Legionella is the bacterium that leads to what is known as legionnaires’ disease, which is a type of pneumonia (lung infection). The bacterium acquired its name after a 1976 outbreak when many people, who went to a Philadelphia convention of the American Legion, suffered from this disease. Each year, between 8,000 and 18,000 people are hospitalized with Legionnaires’ disease in the U.S. The actual number of infections is undoubtedly higher since many infections are not diagnosed or reported.
People get Legionnaires’ disease when they breathe in a mist or vapor (small droplets of water in the air) containing the bacteria. Symptoms may include a high fever, chills, cough, muscle aches, headaches, and diarrhea. The bacteria are not spread from one person to another person.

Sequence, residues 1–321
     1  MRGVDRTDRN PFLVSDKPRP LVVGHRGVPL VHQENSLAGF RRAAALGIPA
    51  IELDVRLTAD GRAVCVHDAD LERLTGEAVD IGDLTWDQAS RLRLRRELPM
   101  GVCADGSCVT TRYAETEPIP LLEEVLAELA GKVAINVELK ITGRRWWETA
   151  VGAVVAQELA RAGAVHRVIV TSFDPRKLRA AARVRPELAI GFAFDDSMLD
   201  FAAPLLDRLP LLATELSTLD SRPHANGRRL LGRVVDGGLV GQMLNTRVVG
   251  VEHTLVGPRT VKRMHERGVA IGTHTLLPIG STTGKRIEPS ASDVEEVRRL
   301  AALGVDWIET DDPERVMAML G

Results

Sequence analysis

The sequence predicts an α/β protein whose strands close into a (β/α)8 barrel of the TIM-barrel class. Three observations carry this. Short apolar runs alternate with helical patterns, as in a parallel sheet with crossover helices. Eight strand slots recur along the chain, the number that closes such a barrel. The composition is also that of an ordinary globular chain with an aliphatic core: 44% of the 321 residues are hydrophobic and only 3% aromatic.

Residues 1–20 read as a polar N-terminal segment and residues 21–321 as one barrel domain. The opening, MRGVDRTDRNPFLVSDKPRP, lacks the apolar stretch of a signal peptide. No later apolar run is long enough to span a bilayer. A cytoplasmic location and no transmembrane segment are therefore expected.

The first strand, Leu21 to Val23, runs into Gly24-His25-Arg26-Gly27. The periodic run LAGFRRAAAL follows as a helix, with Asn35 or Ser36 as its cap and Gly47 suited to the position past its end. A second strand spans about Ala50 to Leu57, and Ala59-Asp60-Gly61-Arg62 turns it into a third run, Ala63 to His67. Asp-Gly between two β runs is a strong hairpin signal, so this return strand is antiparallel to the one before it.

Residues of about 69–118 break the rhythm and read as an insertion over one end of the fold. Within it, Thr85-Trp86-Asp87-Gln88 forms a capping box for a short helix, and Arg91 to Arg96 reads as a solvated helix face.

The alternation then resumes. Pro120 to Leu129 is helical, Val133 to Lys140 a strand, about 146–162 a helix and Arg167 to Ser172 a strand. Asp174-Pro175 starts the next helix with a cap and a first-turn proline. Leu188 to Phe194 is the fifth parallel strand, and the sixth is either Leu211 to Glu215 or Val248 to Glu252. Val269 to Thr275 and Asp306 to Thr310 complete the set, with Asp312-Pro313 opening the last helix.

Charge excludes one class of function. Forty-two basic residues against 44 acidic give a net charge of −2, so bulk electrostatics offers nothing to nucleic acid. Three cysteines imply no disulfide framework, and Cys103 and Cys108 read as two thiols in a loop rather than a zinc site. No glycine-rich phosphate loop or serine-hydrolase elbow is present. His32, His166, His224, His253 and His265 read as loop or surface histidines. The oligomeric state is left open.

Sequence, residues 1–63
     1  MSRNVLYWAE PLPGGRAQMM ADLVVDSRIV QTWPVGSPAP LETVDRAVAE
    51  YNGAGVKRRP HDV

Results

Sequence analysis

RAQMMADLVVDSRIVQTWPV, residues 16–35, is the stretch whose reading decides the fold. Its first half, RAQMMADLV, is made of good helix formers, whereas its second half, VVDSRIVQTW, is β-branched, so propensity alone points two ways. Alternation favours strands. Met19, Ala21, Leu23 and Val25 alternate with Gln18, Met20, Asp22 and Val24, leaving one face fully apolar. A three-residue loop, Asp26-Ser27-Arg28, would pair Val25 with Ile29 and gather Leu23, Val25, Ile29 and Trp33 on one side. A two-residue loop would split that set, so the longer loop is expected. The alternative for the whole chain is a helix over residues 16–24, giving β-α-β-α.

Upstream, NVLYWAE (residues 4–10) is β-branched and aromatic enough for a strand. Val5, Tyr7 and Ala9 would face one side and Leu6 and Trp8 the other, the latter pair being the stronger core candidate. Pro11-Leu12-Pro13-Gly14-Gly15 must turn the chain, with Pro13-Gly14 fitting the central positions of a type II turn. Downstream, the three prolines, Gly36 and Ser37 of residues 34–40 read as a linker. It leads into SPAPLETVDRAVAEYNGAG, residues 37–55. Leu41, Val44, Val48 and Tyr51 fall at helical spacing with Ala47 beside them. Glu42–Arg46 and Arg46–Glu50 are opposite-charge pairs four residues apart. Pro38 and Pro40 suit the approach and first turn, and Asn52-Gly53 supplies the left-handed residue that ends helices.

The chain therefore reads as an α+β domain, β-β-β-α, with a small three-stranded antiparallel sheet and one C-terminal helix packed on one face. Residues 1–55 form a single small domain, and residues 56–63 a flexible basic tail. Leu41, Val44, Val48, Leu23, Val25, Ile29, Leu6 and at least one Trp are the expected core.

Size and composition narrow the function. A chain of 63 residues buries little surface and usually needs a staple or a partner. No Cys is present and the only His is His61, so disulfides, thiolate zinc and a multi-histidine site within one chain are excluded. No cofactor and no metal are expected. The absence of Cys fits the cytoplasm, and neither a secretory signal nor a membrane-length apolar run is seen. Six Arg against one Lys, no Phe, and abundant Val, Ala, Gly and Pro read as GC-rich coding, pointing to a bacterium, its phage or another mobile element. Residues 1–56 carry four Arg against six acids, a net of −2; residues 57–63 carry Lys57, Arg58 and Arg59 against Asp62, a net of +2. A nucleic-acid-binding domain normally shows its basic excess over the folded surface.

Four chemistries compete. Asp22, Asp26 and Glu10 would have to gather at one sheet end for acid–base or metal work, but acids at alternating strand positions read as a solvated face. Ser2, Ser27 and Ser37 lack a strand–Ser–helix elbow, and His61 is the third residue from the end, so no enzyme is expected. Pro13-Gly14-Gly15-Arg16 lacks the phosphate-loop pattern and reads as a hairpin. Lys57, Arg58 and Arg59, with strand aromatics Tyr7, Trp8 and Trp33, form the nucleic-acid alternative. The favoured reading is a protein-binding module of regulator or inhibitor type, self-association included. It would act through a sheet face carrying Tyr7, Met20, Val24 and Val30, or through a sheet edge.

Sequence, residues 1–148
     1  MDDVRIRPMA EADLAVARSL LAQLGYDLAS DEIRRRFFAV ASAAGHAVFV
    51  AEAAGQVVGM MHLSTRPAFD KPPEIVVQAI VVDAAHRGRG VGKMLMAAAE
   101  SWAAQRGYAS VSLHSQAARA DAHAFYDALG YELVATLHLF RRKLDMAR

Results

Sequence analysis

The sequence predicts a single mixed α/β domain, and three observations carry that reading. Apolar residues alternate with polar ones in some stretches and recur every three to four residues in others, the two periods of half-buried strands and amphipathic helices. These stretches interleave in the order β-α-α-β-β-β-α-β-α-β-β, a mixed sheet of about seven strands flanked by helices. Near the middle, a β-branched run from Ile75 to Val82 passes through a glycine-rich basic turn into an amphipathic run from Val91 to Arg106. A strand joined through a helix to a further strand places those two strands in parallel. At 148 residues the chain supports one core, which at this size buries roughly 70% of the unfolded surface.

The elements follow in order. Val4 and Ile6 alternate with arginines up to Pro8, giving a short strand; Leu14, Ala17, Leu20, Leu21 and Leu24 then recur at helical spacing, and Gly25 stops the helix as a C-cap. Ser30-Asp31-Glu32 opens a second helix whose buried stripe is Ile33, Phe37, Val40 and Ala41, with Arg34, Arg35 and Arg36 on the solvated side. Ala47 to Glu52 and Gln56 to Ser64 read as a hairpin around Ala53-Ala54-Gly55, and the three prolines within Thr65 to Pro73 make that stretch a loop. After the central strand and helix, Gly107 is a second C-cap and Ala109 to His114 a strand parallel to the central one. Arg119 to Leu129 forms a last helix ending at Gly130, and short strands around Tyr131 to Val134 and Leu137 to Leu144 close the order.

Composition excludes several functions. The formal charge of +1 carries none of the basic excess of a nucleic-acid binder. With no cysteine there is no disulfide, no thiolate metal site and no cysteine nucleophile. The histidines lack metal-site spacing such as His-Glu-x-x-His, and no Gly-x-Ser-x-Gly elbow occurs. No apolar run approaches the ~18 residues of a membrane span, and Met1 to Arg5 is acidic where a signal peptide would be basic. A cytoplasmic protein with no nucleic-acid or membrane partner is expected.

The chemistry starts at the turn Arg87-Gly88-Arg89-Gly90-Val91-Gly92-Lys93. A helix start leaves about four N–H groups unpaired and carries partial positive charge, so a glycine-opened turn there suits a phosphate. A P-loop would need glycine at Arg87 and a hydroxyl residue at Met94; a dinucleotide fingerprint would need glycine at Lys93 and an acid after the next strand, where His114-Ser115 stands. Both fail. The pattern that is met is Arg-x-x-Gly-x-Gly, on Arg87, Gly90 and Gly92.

The Legionella bacteria are found in natural water sources such as rivers, lakes and reservoirs, but usually in low numbers. If conditions are favorable, the bacteria may grow in water systems increasing the risks of Legionnaires’ disease. The bacteria grow best in warm water, like the kind found in
The key to preventing legionellosis is properly designed water systems and maintenance of the water systems in whichLegionella grow, including drinking water systems, hot tubs, decorative fountains, and cooling towers. Technical documents, such as ASHRAE Guideline 12-2000, as well as other governing codes and standards provide guidelines for appropriate water temperatures and chemical treatment of water for legionella prevention.